Birmingham & Black Country

Birmingham baby flat death: Jocelyn Bennett speaks of anger at twin deaths

Jocelyn Bennett Image copyright Birmingham Mail
Image caption Jocelyn Bennett was 32 weeks pregnant when she called an ambulance to her home in Pleck House

A woman who lost her twin babies and spent 19 days in a coma after paramedics struggled to access her flat has spoken of the tragedy.

Jocelyn Bennett was 32 weeks pregnant when she called an ambulance to her home in Pleck House, Druids Heath, because she was suffering severe pain.

Emergency crews were unable to access the council-run flats for half an hour.

Ms Bennett, 27, who collapsed shortly after calling the emergency services, said she was "angry and bitter".

The council said it was investigating the incident at the tower block.

Recalling what happened, Ms Bennett said: "I remember crawling to the front door but I couldn't stand up to answer the buzzer.

"I was found by the paramedics when they finally got in. I don't remember anything else."

Until that point, Ms Bennett said, the pregnancy had been "absolutely perfect".

Heart restarted

She said: "I could feel the kicks, the movement. [My bags for hospital] were ready, I was ready. Nothing should have gone wrong."

On being taken ill Ms Bennett was taken to Queen Elizabeth Hospital in Birmingham. Her heart had to be restarted three times and she was in a coma for 19 days.

Her twin daughters, Melody and Rose, suffered brain damage and died after seven days.

She said it was not clear whether the twins could have been saved if paramedics had been able to reach her sooner.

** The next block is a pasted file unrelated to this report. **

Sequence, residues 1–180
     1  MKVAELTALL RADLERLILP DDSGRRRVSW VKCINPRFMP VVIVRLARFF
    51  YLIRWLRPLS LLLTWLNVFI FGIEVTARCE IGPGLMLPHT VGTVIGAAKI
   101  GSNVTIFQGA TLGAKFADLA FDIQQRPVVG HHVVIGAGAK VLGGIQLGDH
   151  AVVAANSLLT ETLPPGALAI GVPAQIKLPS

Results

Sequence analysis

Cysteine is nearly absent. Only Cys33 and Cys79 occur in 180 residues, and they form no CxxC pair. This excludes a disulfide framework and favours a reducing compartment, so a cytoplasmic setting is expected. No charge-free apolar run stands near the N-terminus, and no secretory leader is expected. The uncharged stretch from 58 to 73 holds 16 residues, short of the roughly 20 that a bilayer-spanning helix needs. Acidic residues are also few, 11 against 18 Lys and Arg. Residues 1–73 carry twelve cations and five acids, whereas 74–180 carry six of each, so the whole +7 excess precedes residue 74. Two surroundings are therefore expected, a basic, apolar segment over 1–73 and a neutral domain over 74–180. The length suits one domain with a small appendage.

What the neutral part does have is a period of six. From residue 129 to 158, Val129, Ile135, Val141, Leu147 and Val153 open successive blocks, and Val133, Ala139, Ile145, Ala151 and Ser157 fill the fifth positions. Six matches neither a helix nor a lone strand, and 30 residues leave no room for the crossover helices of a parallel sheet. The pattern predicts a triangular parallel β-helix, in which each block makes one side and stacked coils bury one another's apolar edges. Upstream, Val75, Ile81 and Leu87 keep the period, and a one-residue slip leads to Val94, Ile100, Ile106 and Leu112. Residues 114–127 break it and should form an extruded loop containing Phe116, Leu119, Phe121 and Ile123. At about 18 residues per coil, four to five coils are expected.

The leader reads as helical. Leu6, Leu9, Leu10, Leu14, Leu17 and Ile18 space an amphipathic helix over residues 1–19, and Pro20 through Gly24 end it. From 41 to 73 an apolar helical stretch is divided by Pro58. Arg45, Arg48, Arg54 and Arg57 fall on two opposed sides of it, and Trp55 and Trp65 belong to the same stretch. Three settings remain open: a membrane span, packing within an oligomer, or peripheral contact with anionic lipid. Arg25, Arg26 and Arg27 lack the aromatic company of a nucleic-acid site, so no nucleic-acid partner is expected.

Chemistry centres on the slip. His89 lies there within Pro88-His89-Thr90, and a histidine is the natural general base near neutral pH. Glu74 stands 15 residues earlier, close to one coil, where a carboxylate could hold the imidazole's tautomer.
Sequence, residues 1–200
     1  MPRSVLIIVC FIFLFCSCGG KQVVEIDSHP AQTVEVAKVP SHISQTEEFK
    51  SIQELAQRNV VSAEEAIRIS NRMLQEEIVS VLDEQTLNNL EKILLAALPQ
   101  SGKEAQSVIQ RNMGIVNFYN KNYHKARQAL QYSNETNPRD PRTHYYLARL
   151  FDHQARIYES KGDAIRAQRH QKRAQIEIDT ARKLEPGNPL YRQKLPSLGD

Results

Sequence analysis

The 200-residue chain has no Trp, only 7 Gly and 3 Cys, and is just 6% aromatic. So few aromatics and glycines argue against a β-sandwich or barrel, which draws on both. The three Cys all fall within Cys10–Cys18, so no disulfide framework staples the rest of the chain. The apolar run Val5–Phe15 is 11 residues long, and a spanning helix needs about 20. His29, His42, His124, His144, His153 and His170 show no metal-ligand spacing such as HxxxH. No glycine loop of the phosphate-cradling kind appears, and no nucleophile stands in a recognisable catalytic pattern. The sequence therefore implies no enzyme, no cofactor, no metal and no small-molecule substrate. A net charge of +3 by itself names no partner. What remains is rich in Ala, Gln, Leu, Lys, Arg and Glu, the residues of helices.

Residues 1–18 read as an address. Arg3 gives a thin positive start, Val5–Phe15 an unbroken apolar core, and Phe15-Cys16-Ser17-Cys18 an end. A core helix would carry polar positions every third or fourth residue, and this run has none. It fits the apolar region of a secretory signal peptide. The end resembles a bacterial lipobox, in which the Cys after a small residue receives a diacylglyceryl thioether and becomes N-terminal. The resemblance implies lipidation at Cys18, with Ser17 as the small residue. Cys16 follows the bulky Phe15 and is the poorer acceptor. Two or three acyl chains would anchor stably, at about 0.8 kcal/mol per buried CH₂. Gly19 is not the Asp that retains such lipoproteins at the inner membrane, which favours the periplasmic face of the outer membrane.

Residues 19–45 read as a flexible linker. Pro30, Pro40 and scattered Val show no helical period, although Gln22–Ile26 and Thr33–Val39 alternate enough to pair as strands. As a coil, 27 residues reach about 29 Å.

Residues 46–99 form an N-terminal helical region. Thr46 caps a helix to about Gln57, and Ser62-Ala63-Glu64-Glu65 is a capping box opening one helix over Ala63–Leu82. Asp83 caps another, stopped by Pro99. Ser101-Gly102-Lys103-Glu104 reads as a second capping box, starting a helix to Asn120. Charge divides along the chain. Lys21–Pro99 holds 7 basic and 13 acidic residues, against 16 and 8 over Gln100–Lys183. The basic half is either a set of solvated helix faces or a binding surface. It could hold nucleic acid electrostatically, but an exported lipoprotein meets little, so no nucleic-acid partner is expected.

"I am angry and bitter, but if we can make people aware these blocks are not safe for families and the elderly and anyone that lives there, that's what we'll do."

Image copyright Birmingham Mail
Image caption Melody (left) and Rose suffered brain damage, Mr Bennett said

Ms Bennett's father, Joe, said: "If there was something in place to help them gain access to these tower blocks, it might have been a different story.

"If it wasn't for the paramedics and the police getting through the door - if they'd just given up - we would have lost the three of them. I can't thank them enough."

Mr Bennett added: "There used to be concierges, but now there is only one way through these doors and that's with a fireman's key.

"Why don't we have keys for the police and the paramedics? The last thing we want is for this to happen to somebody else."

Image caption Paramedics had to contact police in order to access Pleck House in Druids Heath

Birmingham City Council said an investigation was ongoing, so it was "inappropriate" to comment.

"However, we have been in constant dialogue with the family," said a representative.

Related Topics

More on this story

Related Internet links

The BBC is not responsible for the content of external Internet sites